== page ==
In this article:
- As many students will arrive on campus for the first time in their post-secondary career, the pressure will be on to rebuild the in-person campus community and support students in all years as they transition back to campus life
- Peer mentorship programs are demonstrated to have beneficial results on student retention and course success (study)
- In loosely structured peer mentorship programs, students reported they talk about achieving high academic performance, time management and connecting or collaborating with peers (study) – these are all valuable conversations that can help build a stronger, more resilient community
For more students than usual, this fall will mark their first time away from home. Post secondary communities will be tasked with fostering in-person connections for most of their students, putting extra pressure on student supports to help students feel like they belong.
An easy way to help develop connections between students is through a peer-to-peer mentorship program. These programs offer the opportunity for upperclassmen to develop valuable leadership and communication skills while helping newer students develop academic and coping skills. The end result is a connected student body, where students they belong.
Peer mentorship supports student campus communities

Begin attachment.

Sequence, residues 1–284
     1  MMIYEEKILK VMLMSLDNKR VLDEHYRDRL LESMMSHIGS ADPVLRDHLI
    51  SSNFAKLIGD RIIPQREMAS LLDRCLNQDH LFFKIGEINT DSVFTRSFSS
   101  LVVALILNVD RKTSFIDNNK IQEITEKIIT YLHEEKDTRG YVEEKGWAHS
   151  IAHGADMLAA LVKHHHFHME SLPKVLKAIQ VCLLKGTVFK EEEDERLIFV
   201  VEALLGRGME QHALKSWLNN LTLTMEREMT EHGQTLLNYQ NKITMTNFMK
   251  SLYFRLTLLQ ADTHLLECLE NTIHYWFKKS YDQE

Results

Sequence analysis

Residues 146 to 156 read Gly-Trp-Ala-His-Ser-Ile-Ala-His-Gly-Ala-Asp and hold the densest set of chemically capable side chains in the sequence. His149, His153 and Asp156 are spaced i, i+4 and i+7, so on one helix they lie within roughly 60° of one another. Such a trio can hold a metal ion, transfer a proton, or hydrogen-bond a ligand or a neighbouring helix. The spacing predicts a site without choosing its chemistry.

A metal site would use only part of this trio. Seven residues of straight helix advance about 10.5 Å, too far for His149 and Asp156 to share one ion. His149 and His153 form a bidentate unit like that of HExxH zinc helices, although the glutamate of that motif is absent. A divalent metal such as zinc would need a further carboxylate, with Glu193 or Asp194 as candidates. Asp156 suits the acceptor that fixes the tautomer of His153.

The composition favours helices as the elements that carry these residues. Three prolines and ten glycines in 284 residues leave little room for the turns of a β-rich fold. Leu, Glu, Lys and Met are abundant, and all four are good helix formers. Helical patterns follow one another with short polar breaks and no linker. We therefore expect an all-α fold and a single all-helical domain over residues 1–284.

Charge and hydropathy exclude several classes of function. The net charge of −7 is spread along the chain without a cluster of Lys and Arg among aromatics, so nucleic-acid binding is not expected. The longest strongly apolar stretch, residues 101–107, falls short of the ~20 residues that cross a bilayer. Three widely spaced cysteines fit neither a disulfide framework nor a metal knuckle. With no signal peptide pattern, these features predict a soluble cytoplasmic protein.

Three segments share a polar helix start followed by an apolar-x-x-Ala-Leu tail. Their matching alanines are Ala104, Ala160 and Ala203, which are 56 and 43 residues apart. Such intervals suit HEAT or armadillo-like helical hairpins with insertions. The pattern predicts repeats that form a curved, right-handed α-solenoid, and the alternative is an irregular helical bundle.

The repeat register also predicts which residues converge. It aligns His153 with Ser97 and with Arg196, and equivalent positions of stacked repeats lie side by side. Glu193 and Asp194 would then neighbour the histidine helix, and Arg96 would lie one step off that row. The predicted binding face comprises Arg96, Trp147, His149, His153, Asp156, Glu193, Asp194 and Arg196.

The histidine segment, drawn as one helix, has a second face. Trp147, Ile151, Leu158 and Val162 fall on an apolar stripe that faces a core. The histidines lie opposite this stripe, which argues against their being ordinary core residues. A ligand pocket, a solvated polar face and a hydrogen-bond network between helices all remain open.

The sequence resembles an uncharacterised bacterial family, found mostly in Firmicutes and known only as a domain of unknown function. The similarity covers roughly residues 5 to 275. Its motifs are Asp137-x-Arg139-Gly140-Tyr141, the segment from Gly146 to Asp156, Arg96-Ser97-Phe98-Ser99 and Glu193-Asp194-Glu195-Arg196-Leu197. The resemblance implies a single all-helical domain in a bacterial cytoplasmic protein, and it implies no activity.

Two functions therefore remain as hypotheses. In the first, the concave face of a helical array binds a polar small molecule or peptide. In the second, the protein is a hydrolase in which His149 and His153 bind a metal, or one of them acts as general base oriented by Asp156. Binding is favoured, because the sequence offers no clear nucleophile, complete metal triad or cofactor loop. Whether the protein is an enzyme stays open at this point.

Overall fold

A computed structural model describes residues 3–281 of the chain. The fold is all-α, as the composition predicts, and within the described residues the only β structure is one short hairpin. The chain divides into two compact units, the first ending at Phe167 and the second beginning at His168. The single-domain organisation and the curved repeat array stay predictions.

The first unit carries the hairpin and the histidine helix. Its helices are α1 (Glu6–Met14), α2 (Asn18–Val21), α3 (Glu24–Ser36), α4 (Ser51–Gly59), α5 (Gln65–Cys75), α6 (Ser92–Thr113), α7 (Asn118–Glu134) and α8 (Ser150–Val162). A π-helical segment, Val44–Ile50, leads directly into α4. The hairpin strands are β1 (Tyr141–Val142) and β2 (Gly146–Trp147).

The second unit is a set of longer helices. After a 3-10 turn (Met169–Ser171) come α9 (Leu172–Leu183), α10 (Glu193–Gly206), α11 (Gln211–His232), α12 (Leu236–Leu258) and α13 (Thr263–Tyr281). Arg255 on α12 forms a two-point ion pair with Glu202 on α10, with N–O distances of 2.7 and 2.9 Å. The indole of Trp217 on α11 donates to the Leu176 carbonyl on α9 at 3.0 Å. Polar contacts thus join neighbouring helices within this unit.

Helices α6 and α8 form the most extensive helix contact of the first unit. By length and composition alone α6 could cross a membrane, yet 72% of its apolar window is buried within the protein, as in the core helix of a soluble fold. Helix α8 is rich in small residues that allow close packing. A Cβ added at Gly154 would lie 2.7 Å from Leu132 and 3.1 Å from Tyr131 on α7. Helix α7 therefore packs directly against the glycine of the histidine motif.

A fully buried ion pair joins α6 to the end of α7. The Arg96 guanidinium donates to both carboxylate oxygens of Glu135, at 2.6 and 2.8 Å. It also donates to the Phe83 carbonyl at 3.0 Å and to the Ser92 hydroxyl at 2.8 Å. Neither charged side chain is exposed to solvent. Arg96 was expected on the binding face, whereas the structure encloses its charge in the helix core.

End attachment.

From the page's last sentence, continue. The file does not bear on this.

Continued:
Peer mentorship is also a valuable element of supporting student retention, according to a study published in Life Sciences Education. In this study, 437 first-year biology students met in small groups consisting of six students and one upper-year mentor to talk about study strategies and developing a growth mindset. Through the semester students participated in ten sessions, each 50-minutes long. At the end of the study, students who had participated in these sessions employed more diverse approaches to academic challenges than their peers and were more likely to use other campus learning tools. Students also, on average, achieved higher grades in the prerequisite chemistry class and were more likely to enroll in the subsequent chemistry prerequisite, demonstrating short-term retention.
Peer mentorship doesn’t have to be a rigid, structured program
Less structured peer mentorship programs are also valuable. Preliminary data from the University of Colorado Denver looked at the impact of an Engineering Learning Community in effect at the school. Student mentees are connected with sophomore to senior-level students and connect in “loosely structured” meetings throughout the semester. Researchers report that conversations within these meetings refer to achieving high academic performance, time management and connecting with peers – conversations that can be hugely beneficial to a student body gravely impacted by virtual learning.
Peer mentorship programs are fantastic ways for students to develop interpersonal, academic and leadership skills. These programs also help students develop connections outside of the classroom, fostering a supportive community, increasing retention and helping students feel like they belong.
Want to learn more? Nimbus Learning has developed a detailed white paper full of research on the benefits and challenges of developing a campus mentorship program. Reach out to us if you would like us to send you a copy, or find out more about how we can help build and optimize your campus’s mentorship program.